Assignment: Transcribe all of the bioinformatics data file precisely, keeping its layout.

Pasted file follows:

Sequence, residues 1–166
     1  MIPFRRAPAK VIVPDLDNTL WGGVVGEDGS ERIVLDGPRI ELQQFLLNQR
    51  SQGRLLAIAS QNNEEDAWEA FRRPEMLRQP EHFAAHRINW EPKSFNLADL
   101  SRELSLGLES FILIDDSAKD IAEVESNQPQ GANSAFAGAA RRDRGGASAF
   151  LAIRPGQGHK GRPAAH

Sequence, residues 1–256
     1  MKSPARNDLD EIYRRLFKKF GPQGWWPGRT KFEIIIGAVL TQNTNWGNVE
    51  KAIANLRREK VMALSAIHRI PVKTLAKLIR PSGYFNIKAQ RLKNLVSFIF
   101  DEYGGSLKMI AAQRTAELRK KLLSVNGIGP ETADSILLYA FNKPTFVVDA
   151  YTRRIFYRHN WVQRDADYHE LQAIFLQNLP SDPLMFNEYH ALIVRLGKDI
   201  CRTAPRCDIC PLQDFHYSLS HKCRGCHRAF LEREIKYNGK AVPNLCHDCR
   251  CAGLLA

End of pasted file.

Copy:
Sequence, residues 1–166
     1  MIPFRRAPAK VIVPDLDNTL WGGVVGEDGS ERIVLDGPRI ELQQFLLNQR
    51  SQGRLLAIAS QNNEEDAWEA FRRPEMLRQP EHFAAHRINW EPKSFNLADL
   101  SRELSLGLES FILIDDSAKD IAEVESNQPQ GANSAFAGAA RRDRGGASAF
   151  LAIRPGQGHK GRPAAH

Sequence, residues 1–256
     1  MKSPARNDLD EIYRRLFKKF GPQGWWPGRT KFEIIIGAVL TQNTNWGNVE
    51  KAIANLRREK VMALSAIHRI PVKTLAKLIR PSGYFNIKAQ RLKNLVSFIF
   101  DEYGGSLKMI AAQRTAELRK KLLSVNGIGP ETADSILLYA FNKPTFVVDA
   151  YTRRIFYRHN WVQRDADYHE LQAIFLQNLP SDPLMFNEYH ALIVRLGKDI
   201  CRTAPRCDIC PLQDFHYSLS HKCRGCHRAF LEREIKYNGK AVPNLCHDCR
   251  CAGLLA